The resort’s three pools each have a different vibe. I felt Santhi, tucked between our building and two others and beneath primordial old-growth trees, was the most idyllic, with cushy orange lounge chairs set in the shallow water. The beachfront Liang infinity pool, looking out to the ocean and Nusa Penida, was the largest and busiest, though still not what I would actually consider bustling. There were plenty of young families, but the entire property seemed to have a serene hush to it — even the shallower kids pool, dubbed Alit (meaning little), was never raucous or loud.
Big, fluffy towels were readily available at all pools, as were lounge chairs and free shady cabanas, and when we ventured to the beach, a staff member carried towels and sand toys down for us. There were only two setups of umbrellas with lounge chairs on the sand, but I never saw anyone else use them. A fleet of bikes, too, were complimentary for hotel guests.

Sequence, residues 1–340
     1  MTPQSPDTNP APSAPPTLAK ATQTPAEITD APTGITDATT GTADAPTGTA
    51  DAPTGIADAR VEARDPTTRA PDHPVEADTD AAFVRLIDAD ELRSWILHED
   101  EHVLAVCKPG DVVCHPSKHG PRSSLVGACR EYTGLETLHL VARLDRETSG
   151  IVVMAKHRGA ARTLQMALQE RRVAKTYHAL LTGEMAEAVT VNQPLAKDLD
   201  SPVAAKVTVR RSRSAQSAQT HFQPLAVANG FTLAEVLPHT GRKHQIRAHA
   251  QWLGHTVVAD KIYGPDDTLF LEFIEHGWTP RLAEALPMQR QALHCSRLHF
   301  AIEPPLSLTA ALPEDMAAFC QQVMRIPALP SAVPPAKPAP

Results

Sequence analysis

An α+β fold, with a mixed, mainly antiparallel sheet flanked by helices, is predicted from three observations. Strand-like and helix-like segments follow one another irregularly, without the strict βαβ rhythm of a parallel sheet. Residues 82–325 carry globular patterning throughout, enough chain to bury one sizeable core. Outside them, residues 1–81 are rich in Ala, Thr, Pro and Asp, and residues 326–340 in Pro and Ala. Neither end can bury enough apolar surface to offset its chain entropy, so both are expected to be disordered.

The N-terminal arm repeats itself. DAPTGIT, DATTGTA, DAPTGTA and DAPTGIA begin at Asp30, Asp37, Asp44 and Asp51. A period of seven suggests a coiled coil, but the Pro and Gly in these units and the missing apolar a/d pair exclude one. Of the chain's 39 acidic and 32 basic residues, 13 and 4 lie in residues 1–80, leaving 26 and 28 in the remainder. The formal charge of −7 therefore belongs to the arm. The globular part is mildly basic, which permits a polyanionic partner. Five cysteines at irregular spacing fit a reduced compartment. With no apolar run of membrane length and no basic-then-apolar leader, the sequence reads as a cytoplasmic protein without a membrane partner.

Though the resort lacks extensive programming compared to some other beach resorts on Bali and doesn’t offer any ocean sports or equipment, there are daily adult activities offered at no cost, such as sunrise pranayama and stretching, aquarobics, writing on lontar palm leaves and batik demonstrations. Yoga and Pilates classes on the pool deck were 150,000 Indonesian rupiah, or around $12.
Shankha Spa, with 10 treatment rooms and an extensive menu of Balinese and Ayurvedic treatments, was a short walk south at the Hyatt Regency. It also featured a large fitness center, an adults-only spa swimming pool, a sauna, steam room, cold plunge pool and hydrotherapy pool for both men and women. I passed on a spa treatment as it felt a bit pricey — $75 including tax and service for a 60-minute Balinese massage — considering a comparable massage at a local spa down the street would likely cost one-fifth the price.